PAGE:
Other ministers walked out over cuts to the aid budget, the government’s refusal to fund free school meals through the holidays and Mr Johnson’s threat to break international law over the Northern Irish border.
And mounting anger from Tory backbenchers at their heavy-handed treatment by Mr Cummings sparked a bloody civil war inside No 10 which dramatically forced out the Vote Leave supremo who had provided the intellectual heft to the Johnson project.
February’s speech in Greenwich provides another telling pointer on how far 2020 has lurched away from Mr Johnson’s expectations.
It was the moment at which he hoped to bury the divides over Brexit which had consumed the previous five years and reorient UK politics and society towards the future and the prospect of new trade deals delivering economic rebirth.
Mr Johnson would not even mention Brexit by name – coyly referring instead to “the controversy beginning with B”. And it marked the point when the term “no-deal” left his lexicon to be replaced with the euphemism “Australian arrangements” which he doubtless hoped would summon up images of sun-kissed beaches and barbecues rather than queues of lorries at Kent ports.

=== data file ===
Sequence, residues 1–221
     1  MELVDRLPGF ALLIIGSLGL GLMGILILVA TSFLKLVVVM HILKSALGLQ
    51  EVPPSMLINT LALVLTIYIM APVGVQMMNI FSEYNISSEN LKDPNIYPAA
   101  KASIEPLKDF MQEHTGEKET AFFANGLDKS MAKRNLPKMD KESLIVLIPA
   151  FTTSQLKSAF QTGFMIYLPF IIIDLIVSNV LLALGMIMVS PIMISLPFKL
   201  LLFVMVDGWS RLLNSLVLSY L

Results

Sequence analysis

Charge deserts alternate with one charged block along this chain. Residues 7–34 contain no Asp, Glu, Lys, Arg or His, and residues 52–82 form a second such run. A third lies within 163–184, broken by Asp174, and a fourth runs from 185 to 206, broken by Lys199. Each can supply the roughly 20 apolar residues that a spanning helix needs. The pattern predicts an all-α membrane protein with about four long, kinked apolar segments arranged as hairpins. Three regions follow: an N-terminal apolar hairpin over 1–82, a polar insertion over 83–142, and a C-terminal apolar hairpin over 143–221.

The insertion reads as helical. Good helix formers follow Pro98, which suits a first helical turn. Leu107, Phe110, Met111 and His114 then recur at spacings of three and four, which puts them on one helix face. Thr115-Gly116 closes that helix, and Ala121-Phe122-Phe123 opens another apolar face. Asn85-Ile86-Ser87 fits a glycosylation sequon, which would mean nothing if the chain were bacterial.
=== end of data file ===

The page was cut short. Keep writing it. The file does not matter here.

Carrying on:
Whatever his hopes to move on, 2020 ended up being yet another year of intractable negotiations with the EU, missed deadlines and fruitless trips to Brussels and the ceaseless ticking of the clock on a no-deal Brexit all the way to the very eve of the UK’s transition out of the single market and customs union on 31 December.
By the time the end of the year approached, the free trade deal Mr Johnson had talked up was looking so meagre that some saw it as little better than having no deal at all.
And as Donald Trump was unseated from the White House, the dream of a US deal appeared to vanish with him.
While trade secretary Liz Truss signed a string of trading agreements, they all – with the exception of a few details of the pact with Japan – merely replicated benefits which the UK already enjoyed as a member of the EU.
As 2020 draws to an end with Christmas cancelled, a virulent new variant of the virus running rampant and Britain having been cut off by border closures from much of its food supplies, Mr Johnson must be hoping that the roll-out of the Covid vaccine and the final conclusion of the Brexit saga will at least guarantee him a better year in 2021.
Whatever happens, it is difficult to imagine it will be as bleak and desperate as 2020 has been for a man who fellow Tories admit they elected leader to be “a prime minister for good times”.